Okay, here’s some more whine! If Maine deer hunters shoot 20,000 deer a season, and it takes the Maine Department of Inland Fisheries and Wildlife (MDIFW) 6 months (180 days) to count the registered deer and then tell the public, then MDIFW counts 111.111 deer a day.
In comparison, Wisconsin’s gun deer season just ended, with a harvest reported of 79,429 deer and it was reported to the press in three days. Officials there counted 26,476 deer a day. Maine should be able to count the entire harvest in one day!
Maine: Life in the Slow Lane!
Evidently a whole bunch of them and taking a long, long time. I suppose the biolo”jests” are very busy pawing through outcome-based survey results and getting advice from members of the Humane Society of the United States, while hiding deer harvest information, so they can figure out how to make Maine deer hunters think they are doing a wonderful job (as THEIR bought-and-paid-for survey – wink, wink, – shows) and that there are so many deer around the biolog”jests” are going to issue more doe permits. If this were true, then why does the deer harvest information take months and months to be published on the Maine Department of Inland Fisheries and Wildlife’s (MDIFW) website?
But here’s some interesting information that some fool can use to prop up the work of the MDIFW. Data shows the date in which deer harvest information is posted on the MDIFW website following a deer hunting season, of which the last of the deer harvest season is over by about mid-December.
On average it takes 5 months to count up to 20,000 – this during an era of instant information. The latest reporting date appears to be on July 23, 2009. Cripes sake. Back when newspapers were printed one page at a time, by hand, the Pony Express got tagging information to the biolo”jests” sooner than that. That’s progress.
While not official, I did get my hands on a map and deer harvest total for 2015. None of this information is posted and available on MDIFW’s website. I don’t know if I got this and I wasn’t supposed to, but I posted the information anyway.
But it matters not. I am the only one who is complaining about this. After all, according to some, that’s all I do. I’m too stupid to see deer that don’t exists and I want accountability for the dollars I spend. I know that’s wrong. I guess I have nothing else to do in retirement.
All Maine deer hunters are just always so busy chasing so many deer around the state (because the biolog”jests” are doing such a remarkable job – wink, wink) they simply don’t have time to be bothered by anything that would show them the hundreds of thousands of deer ready to be harvested…OR NOT!
By the time sportsmen can get a chance to look at any deer harvest data, they have taken up fishing for those native and wild, or is it Native and Wild brook trout, or maybe it’s Native and wild…no, no. I get so confused. Like deer hunting, the trout fishing is so good in Maine (because the survey says it is – get ready – wink, wink) efforts are now being taken to categorize brook trout as either Native or Wild. But when you go catch (while we are still allowed to) them, it becomes very confusing as to whether they are native or wild. They might be Wild brook trout (haven’t been stocked over for 25 years…or something) and/or Native (never been stocked over….or something). But if you buy a fishing license you can go catch (while you are still allowed) some of those wild and native brook trout that might or might not be Wild and/or Native. You got all of this didn’t you?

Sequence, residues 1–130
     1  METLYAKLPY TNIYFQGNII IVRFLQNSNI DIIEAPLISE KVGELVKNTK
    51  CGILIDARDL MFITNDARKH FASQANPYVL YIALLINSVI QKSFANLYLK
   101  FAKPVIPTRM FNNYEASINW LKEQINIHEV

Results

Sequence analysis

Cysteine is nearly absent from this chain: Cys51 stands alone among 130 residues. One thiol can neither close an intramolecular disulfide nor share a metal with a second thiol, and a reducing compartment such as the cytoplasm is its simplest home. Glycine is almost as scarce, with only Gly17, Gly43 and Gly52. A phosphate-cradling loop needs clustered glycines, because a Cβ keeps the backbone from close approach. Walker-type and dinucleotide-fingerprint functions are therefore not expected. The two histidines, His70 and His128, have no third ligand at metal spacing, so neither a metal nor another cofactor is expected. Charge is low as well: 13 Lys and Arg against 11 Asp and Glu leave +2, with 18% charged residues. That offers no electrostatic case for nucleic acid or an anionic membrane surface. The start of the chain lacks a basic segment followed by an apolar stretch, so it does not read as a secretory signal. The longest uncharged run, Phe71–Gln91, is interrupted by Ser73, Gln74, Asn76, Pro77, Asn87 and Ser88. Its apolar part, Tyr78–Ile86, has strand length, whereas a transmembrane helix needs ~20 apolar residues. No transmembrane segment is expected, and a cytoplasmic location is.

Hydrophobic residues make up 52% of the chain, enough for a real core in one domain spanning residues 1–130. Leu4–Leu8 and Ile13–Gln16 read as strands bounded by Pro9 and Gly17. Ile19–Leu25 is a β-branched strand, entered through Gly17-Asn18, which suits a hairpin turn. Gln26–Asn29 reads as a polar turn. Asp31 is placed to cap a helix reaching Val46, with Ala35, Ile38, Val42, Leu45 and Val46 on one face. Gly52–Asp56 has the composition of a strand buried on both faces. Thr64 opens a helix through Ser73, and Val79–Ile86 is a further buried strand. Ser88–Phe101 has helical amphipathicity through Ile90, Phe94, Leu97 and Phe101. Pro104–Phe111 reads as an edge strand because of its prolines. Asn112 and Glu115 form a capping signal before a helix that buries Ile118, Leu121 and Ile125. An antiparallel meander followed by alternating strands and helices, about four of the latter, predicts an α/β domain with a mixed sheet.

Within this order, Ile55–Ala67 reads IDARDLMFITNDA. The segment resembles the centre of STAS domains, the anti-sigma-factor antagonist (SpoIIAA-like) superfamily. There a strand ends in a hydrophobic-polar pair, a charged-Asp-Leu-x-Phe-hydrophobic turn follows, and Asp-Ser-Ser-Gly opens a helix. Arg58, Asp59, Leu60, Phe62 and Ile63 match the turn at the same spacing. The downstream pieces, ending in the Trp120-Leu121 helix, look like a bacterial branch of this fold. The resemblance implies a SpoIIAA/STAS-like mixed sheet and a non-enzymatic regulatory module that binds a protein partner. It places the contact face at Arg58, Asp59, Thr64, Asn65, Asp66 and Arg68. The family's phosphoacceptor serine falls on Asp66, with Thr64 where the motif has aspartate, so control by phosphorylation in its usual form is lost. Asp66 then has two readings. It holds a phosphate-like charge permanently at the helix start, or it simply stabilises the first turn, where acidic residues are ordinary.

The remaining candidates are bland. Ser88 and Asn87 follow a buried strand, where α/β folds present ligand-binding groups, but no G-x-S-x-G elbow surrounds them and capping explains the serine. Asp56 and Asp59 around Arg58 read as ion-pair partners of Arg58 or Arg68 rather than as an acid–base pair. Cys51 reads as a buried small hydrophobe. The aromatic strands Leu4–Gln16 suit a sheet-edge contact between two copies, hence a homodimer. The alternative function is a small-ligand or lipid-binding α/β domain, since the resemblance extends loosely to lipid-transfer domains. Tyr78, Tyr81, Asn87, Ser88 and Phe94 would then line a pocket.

It’s a good thing deer are not classified as Native or Wild. They are, however, damned RARE!
Over the weekend I received a Maine map that showed the deer harvest for the 2015 Maine deer hunting season. As I write this morning, the Maine Department of Inland Fisheries and Wildlife (MDIFW) has not posted the harvest data on their website for public viewing.
The deer harvest was a dismal 20,348. The chart below will give you comparisons.
Chart contains the latest deer kill number for 2015 as published by Maine Inland Fisheries and Wildlife. The 200 pound bucks numbers were compiled from data published by The Maine Sportsman Magazine.
Also today, I posted information from the MDIFW announcing dates, times and places where meetings will be held in which citizens can attend and voice their thoughts and opinions about Maine’s wildlife. Perhaps with a reminder to sportsmen that the deer herd simply is not getting any better, contrary to what we have been told, it will stimulate some effort to attend these meetings. It appears the hoped-for global warming isn’t getting the job done.
Maybe it was the back-to-back “severe” winters in 2007/2008 that cut the deer herd down substantially…or maybe not. If it was, why hasn’t the herd recovered? Surely winters haven’t been too severe. Maybe the deer managers haven’t figured out yet that global warming alone can’t recover and sustain a healthy deer herd. Maybe there are other factors. Maybe northern Maine has become a Predator Pit. Maybe MDIFW is too busy counting bats, butterflies and piping plovers.